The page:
Pottery Studio with gallery space for pottery. Kids (ages 6-13) Saturday morning summer clay classes available. Check the website for more details.
Saturday August 6th Chetolah is hosting its first annual LoveFest : A one day festival of artists, vendors, workshops, food, drink, live music, families and fun - all in the name of LOVE.
Visual Arts, Craft, Multi-Disciplinary Arts, Design Arts, Photographic Arts, Media Arts, Arts Education
Arts Business, Studio Tour
When a Mathematician from Ohio State University commissioned me to crochet a hyperbolic geometrical plane, I became fascinated with the connection between fibre arts and science. Although I’ve never been one to follow someone else’s pattern, I understood the relationship between fibre arts and the patterns in nature. Fractals (geometric patterns in nature) and hyperbolic planes (a surface in which the space curves away from itself at every point) can only be reproduced in nature, and knitting and crochet. That still blows my mind.
The relationship between my art and nature deepened in 2010 when we bought an off-the-grid cottage in the woods south of Algonquin Park, Ontario. As part-time homesteaders (dividing our time between Mississauga and Algonquin), we have plans to add fibre animals such as angora rabbits, sheep, and goats when the time is right. (Maybe alpaca too!)
My fibre animal research took me on a journey into the past where I learned traditional knitting and weaving techniques from around the world. My Celtic roots lent to my exploration and landed in Fair Isle, Scotland where I learned stranded knitting. Although there are standard designs used in Fair Isle knitting, there is still an element of freestyle that sparks my imagination of taking traditional methods into contemporary project.
My experimental knitting with short rows grew into creating wave-knitting projects. The composition of direction and colour has knitted fabric resemble sea waves and landscape paintings. This technique progressed into my weaving. Weaving on handmade looms allows me to explore colour and direction in a similar method to my wave-knitting technique.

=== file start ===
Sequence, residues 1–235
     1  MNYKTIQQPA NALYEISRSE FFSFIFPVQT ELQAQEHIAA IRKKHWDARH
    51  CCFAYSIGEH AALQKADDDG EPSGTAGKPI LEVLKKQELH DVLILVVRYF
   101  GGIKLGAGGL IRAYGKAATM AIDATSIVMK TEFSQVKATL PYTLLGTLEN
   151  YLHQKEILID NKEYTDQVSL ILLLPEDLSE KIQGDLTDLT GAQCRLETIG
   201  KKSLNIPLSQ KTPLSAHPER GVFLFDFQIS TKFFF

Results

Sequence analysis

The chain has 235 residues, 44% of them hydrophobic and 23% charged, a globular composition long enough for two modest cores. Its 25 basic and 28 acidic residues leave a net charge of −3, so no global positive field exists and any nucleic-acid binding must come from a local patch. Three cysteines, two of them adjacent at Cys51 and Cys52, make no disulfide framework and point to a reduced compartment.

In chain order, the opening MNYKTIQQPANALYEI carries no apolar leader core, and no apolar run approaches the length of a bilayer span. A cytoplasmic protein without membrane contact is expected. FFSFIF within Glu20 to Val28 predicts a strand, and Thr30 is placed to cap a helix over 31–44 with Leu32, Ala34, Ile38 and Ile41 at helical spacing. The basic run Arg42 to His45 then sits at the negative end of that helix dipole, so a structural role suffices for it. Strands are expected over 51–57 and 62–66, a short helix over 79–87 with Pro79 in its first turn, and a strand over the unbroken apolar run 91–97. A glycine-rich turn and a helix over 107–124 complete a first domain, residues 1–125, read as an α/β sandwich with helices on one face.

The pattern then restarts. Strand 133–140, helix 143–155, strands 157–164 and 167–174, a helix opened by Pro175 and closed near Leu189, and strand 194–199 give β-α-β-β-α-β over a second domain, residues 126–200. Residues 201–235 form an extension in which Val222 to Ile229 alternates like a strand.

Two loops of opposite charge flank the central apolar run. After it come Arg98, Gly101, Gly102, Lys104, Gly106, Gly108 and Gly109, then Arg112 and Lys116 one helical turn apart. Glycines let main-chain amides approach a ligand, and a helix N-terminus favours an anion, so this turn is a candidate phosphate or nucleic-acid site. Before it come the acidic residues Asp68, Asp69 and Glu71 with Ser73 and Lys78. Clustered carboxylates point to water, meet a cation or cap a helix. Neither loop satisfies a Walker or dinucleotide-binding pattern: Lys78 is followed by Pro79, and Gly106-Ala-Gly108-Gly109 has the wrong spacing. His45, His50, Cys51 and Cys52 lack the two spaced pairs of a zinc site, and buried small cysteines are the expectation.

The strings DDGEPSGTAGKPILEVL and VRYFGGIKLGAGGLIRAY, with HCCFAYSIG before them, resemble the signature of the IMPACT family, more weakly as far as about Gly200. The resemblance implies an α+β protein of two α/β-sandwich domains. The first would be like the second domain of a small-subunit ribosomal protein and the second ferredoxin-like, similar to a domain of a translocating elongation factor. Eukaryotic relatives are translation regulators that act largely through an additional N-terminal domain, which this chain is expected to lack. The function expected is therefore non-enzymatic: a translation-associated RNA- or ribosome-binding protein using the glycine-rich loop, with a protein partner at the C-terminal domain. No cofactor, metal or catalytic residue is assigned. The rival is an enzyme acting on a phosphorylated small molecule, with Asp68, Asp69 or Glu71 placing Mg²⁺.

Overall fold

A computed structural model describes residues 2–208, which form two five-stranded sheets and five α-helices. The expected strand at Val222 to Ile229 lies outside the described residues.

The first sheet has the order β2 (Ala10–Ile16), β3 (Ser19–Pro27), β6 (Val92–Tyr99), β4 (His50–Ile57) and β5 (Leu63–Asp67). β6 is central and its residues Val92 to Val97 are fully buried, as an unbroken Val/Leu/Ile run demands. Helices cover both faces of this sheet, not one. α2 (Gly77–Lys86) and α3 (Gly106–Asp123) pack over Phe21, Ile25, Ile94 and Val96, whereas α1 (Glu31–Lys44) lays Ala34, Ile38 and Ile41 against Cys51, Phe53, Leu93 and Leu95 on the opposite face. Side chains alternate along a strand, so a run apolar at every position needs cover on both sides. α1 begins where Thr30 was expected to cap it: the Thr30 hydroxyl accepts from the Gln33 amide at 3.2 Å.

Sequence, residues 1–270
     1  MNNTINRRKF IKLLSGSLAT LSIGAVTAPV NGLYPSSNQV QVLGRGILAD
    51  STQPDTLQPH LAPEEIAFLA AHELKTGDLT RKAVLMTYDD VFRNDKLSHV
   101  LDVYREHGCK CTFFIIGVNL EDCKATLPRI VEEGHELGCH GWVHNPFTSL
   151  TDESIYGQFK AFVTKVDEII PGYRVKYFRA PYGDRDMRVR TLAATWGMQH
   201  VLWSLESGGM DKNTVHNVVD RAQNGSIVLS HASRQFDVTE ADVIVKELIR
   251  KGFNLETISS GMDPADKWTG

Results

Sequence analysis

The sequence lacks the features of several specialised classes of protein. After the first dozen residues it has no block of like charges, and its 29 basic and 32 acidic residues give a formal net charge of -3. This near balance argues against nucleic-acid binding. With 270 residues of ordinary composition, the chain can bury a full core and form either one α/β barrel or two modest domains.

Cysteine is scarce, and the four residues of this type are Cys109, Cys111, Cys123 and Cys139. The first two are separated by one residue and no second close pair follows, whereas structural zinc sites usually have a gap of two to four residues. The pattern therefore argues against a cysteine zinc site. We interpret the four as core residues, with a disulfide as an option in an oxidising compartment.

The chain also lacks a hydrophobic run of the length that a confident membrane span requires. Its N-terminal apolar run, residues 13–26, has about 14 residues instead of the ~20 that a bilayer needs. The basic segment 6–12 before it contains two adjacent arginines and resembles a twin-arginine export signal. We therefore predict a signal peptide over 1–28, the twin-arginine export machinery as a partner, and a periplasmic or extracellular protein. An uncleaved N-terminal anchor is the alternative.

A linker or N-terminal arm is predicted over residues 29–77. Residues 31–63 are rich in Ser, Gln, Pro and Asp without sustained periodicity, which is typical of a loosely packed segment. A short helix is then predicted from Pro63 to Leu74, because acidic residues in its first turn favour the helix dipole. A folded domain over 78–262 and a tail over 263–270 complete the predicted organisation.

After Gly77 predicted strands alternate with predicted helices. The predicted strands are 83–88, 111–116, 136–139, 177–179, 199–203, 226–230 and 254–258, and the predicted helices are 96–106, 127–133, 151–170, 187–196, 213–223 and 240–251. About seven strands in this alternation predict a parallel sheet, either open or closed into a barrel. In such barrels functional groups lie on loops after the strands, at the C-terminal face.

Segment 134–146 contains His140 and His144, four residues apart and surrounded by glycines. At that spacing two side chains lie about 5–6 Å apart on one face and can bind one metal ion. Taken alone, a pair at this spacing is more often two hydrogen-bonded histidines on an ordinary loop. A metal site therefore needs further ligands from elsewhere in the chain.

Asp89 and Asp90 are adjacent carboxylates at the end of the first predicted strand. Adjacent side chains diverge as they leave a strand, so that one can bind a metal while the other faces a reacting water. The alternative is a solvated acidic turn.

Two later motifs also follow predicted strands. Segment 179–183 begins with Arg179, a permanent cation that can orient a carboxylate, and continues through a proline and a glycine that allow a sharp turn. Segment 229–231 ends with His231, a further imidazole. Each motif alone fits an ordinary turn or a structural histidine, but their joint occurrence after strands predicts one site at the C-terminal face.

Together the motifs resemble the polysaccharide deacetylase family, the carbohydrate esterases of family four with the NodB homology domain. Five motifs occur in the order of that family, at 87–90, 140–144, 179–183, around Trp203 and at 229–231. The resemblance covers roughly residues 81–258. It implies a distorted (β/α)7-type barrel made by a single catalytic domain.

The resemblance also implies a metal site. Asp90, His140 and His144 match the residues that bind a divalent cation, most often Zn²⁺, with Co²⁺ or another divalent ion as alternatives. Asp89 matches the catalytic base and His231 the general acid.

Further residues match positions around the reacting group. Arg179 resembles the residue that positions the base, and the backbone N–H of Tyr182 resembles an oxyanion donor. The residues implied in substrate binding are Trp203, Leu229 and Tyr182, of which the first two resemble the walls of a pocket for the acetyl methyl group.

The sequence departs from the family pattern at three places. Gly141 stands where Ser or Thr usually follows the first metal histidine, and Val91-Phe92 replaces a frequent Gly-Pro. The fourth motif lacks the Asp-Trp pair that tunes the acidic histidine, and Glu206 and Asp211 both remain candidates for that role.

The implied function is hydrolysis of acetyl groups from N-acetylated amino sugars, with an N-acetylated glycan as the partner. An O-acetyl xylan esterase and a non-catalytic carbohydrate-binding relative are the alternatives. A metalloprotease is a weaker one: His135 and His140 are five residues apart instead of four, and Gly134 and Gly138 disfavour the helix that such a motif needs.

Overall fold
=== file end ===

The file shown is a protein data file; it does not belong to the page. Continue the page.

While weaving on my rigid heddle loom is fairly close to traditional fabric weaving, I add a contemporary twist by spinning my own art yarn from a variety of materials.
I use ancient drop spindles and my spinning wheel to create thin weaving yarns to beehive and coil art yarns. I appreciate every aspect of fibre arts. I source raw sheep’s fleece from Ontario farmers, clean, card, dye, and spin the wool for many of my projects. Forever an environmentalist, I also source a variety of reclaimed materials and see where they take me.
The influence of nature and history are the foundation of my art. Nature and history guide me to creating yarn from scratch, traditional fibre arts, and experimental contemporary techniques.
We acknowledge the support of the Ontario Arts Council (OAC), an agency of the Government of Ontario, which last year funded 1,737 individual artists and 1,095 organizations in 223 communities across Ontario for a total of $52.1 million.